Sippin on Purple has a different take on the decisive penalty:

In an essence, the way I feel about the game is just about the same way I feel about the absurdly poor penalty on Northwestern that gave them a first down that allowed them to run out the clock for the victory: sometimes, you're not sure why things happen in your favor. I'm not quite sure how Northwestern won the game, and I'm not quite sure how a referee saw that hit and decided to get all penalty up on Vanderbilt. But I'm not complaining.

Ohio State 45, Marshall 7:

The Buckeyes made quick work of Marshall, which is a long way from its dominance of a decade ago. Even given the disparity between the teams, new Ohio State SB Nation site Along the Oletangy was happy with the result:

Dominance. Very few people believed Marshall to be a serious competitor in this game, but the level of disparity between the two teams tonight was stunning. Ohio State came out fired up and ready to go, causing a fumble on the very first kickoff, and then putting the ball in the end zone on the fourth play of the drive with a Terrelle Pryor to DeVier Posey touchdown pass. The offensive fireworks continued with three more touchdowns being delivered before halftime, along with a defensive pick six by Brian Rolle, who had a veritable convoy of blockers paving his path to the end zone. That play was a defensive coaches' dream, proving that all those tip drills they do in practice pay off.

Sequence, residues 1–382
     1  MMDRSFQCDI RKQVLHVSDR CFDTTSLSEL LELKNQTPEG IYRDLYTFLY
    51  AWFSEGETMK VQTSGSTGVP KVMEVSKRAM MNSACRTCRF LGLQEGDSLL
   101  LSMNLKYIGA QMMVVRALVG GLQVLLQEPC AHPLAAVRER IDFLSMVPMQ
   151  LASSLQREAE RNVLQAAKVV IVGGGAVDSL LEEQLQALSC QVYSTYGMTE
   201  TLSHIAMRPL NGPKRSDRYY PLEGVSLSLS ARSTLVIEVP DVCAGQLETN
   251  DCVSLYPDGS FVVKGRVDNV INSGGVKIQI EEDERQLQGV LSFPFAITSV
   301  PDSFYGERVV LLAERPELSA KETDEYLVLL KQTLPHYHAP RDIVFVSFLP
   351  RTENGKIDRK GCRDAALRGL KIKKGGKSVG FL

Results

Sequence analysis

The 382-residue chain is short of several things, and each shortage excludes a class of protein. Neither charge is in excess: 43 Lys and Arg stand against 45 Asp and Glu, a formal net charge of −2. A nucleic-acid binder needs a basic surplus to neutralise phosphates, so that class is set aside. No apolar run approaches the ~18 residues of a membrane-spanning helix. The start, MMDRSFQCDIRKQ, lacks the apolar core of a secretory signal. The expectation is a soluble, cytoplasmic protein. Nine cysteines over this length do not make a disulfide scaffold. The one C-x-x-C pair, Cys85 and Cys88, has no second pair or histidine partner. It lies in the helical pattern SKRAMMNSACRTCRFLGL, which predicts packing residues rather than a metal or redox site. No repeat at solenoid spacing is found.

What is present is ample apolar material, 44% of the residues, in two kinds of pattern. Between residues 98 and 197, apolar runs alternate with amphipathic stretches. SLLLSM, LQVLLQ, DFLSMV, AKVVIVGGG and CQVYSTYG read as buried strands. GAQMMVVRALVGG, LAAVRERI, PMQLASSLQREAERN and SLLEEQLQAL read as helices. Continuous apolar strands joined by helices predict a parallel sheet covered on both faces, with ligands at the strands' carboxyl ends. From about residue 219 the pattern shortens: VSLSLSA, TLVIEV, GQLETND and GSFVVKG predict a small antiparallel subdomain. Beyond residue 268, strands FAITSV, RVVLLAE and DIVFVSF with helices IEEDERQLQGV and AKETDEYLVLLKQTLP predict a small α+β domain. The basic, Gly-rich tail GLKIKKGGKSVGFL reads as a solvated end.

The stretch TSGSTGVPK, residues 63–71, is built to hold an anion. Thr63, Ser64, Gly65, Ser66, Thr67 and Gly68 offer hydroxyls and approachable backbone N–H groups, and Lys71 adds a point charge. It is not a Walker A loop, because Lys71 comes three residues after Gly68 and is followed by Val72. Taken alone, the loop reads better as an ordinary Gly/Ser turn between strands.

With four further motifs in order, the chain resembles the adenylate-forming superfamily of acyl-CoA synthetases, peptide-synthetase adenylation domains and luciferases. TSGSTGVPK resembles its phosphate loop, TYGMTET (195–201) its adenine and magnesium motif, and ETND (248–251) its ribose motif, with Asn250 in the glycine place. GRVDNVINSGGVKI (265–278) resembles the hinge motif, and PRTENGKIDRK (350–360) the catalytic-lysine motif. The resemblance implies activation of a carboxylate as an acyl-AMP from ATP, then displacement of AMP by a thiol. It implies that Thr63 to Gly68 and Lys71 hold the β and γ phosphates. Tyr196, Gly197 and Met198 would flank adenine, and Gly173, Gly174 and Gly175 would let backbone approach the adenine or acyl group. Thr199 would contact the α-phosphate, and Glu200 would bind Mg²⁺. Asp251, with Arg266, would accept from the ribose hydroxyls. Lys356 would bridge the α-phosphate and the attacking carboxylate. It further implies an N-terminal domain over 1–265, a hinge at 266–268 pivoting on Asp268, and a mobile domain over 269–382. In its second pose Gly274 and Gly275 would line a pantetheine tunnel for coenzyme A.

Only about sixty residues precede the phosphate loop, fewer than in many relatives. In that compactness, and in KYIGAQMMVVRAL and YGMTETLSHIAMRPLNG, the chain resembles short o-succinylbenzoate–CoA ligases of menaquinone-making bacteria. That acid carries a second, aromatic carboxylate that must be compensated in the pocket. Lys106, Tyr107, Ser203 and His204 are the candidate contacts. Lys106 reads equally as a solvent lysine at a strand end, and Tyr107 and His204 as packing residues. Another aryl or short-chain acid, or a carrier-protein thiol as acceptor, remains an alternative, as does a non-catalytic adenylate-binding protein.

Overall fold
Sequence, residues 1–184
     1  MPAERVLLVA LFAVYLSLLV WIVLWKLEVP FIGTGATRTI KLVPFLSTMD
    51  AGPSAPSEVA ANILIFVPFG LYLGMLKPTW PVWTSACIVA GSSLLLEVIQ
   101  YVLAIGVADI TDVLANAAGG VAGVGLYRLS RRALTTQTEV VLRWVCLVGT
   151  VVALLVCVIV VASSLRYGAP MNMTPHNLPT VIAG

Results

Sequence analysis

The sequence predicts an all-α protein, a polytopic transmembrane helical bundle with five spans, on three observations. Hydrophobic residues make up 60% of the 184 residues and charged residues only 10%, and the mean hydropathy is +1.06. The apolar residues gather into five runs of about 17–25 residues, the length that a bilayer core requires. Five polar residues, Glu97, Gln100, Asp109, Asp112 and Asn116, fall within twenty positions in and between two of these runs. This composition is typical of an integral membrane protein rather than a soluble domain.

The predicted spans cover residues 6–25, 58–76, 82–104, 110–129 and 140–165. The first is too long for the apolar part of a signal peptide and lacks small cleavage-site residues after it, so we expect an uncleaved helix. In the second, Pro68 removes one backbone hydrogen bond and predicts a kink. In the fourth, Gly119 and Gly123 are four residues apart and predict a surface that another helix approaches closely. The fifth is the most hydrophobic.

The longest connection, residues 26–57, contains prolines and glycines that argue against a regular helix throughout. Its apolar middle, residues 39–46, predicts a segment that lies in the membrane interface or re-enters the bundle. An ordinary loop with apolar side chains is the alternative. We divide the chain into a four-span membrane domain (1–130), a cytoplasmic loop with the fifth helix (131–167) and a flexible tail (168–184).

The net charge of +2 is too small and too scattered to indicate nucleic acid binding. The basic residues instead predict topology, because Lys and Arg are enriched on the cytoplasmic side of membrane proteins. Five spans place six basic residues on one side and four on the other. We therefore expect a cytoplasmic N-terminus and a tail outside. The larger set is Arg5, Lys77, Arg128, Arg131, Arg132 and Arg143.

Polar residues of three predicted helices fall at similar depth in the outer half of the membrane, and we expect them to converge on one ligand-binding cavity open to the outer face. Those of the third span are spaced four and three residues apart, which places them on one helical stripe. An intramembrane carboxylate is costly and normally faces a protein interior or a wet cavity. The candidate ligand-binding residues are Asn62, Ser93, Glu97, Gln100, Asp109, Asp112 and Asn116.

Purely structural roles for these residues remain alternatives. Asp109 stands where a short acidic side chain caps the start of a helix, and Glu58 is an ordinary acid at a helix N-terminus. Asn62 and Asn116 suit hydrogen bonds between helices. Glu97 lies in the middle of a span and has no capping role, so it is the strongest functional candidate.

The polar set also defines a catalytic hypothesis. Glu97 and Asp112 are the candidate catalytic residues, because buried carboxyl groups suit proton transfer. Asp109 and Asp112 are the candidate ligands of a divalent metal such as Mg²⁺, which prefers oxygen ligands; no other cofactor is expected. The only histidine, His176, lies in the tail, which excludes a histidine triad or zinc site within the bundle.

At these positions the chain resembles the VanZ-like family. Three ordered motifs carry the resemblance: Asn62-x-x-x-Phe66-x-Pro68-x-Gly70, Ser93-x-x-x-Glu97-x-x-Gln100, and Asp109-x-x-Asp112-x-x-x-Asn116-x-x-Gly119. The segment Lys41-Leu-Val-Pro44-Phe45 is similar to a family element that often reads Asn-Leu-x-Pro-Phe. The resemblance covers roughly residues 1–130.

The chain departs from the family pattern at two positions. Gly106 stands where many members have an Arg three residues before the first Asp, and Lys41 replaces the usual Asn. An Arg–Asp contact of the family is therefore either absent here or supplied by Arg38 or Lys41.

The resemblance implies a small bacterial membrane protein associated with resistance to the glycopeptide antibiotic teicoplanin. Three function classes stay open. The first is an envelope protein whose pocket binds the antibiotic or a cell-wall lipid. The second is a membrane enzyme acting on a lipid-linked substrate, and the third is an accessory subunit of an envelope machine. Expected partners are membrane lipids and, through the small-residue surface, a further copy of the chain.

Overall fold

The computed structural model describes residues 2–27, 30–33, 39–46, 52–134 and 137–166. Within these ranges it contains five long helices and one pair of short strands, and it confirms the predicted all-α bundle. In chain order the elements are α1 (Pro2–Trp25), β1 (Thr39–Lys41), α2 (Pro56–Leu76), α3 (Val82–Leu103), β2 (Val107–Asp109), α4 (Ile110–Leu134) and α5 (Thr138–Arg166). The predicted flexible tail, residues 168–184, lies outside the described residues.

Minnesota 24, Middle Tennessee State 17:

The Gophers went on the road to open the season, and Minnesota has made yet another coordinator change. The Daily Gopher was happy with the new offense:

We saw it. Boy, did we see it! 11 runs for 79 yards and a TD on the opening drive. I loved the "Hey, Blue Raiders, we're going to run... try to stop us" mentality of the play calling. Reminded me of the Michigan game at the Metrodome in 2006 when the Wolverines sent Mike Hart off-tackle left 6 of the first 8 plays of the game in what amounted to Michigan exerting its will on the Gophers. We found out that the Gophers could control the line of scrimmage, run the ball in short yardage situations, and had a glimpse of the home-run capability of Bennett. Now look, I realize MTSU isn't USC or Ohio State and maybe isn't even on par with the Northwesterns & Michigan States of the Big Ten Conference. But you cannot argue with the production of the running game.